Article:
I've been out of debt for many years now (the day I paid off the last of the credit card debt was a proud one!). However, I've always kept a credit card 'just in case'.
I had a $7000 limit (completely unnecessary) and used it for situations where I was a bit short on cash. For example, when I had a crazy dental bill (I have bad teeth), 'needed' a new outfit for a job interview, had to buy things for my consultancy for which I'd be reimbursed later (airfares, hotels) and occasionally for things that I didn't want my partner to know about (embarrassing!).
However, today I chopped up the card, changed all the direct debits from the credit card to our joint savings account, and reduced the limit. I would have totally cancelled the card, but it seems that this needs to be done in writing or by actually going into the bank. (Sneaky.)
And what brought on this recklessness? I've started reading 'The Barefoot Investor' book! I'm pretty excited about his approach to managing money and have started implementing the steps. His dialogue on debt and credit cards is pretty interesting - particularly how they suck young people in and how having a credit card debt is ingrained in our society.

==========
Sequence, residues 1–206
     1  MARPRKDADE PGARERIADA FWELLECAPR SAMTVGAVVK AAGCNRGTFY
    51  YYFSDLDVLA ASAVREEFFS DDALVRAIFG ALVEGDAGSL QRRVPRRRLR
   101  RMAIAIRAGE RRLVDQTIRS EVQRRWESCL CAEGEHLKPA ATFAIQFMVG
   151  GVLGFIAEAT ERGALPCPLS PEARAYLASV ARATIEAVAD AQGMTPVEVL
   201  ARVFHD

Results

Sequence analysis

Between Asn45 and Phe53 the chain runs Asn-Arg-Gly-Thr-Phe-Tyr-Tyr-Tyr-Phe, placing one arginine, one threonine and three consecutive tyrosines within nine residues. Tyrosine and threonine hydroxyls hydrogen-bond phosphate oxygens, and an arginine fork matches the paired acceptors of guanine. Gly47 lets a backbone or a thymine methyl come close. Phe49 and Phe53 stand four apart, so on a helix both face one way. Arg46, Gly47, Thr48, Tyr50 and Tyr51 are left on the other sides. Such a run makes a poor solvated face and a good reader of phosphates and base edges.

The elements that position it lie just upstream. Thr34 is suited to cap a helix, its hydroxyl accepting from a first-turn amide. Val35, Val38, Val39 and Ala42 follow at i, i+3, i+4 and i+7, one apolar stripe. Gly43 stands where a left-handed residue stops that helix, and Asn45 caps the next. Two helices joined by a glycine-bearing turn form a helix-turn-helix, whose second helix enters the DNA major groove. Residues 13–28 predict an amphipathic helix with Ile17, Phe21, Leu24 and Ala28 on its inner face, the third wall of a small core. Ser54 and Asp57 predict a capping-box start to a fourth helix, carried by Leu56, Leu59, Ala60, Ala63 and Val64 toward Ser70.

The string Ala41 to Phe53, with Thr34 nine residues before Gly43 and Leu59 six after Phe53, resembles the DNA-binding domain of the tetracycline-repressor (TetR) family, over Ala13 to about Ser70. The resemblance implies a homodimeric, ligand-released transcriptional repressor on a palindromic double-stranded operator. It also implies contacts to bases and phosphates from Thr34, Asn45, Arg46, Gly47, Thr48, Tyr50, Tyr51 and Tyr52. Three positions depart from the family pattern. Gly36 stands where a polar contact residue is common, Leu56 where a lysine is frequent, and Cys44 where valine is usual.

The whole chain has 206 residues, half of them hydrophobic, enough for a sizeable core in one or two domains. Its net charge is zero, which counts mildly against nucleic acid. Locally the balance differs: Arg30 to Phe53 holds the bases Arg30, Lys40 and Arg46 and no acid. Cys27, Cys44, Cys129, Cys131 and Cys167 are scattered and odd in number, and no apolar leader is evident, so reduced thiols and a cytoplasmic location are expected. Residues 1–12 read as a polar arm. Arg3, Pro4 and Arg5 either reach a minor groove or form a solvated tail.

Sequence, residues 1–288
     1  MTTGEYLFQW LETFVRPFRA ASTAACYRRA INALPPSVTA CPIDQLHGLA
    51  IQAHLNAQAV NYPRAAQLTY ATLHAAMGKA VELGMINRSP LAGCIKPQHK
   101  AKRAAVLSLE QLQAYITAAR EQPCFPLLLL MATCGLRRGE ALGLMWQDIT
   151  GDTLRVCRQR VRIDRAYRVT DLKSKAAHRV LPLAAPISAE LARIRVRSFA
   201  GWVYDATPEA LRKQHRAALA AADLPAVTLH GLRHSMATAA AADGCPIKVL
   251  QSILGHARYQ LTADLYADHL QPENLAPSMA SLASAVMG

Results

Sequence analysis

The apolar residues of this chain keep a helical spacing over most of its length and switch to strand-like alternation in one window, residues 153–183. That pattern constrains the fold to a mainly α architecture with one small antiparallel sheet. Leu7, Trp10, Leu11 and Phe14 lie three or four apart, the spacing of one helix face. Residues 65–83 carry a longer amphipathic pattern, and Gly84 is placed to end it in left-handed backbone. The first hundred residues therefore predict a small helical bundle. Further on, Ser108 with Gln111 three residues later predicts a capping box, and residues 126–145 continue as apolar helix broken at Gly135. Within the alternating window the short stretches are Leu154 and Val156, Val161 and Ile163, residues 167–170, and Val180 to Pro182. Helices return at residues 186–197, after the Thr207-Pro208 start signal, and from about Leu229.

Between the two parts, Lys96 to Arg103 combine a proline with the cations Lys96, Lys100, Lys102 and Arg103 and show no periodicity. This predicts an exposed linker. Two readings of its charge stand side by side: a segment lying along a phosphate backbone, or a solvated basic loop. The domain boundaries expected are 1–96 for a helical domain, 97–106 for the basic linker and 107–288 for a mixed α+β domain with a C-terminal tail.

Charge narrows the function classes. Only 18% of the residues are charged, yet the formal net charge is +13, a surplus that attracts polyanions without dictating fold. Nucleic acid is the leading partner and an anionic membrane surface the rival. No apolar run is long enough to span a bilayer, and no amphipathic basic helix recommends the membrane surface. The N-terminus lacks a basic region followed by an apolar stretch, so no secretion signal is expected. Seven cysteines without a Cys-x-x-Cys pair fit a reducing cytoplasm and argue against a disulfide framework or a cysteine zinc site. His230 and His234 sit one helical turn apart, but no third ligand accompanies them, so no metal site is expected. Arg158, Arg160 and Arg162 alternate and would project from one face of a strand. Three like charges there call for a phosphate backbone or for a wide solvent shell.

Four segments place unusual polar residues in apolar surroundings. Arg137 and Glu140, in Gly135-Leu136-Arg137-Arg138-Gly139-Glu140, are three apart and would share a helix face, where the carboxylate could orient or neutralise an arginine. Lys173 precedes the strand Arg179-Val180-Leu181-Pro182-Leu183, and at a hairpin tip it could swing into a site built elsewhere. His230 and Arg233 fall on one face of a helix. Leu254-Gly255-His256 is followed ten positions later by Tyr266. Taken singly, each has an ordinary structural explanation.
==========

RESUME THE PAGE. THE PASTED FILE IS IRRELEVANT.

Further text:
Anyway, I'm pretty confident that once I set up all the bank accounts he recommends, and also put into place all his strategies, I won't need to rely on the back-up of a credit card.
It's made me totally re-think how I run the money side of my (very small) consultancy. Up until now I've used my personal bank account for all the income receipt and expenses. Problem is, the income disappears very quickly (extra money = excuse to splurge) and I never have enough money to cover the bills (in particular the annual insurance premiums).
So now I've set up a separate online transaction account (free, no fees, and it takes about 5 minutes) with an attached online saver account (for better interest rates). I plan to save the next few payments so that I have a buffer, and then I can start transferring the income straight into our joint account (to be siphoned off to the various accounts).
Yay - no more need for the card! I think it's also going to make me more accountable not having that back-up option. It's a bit scary, but I reckon I can do it.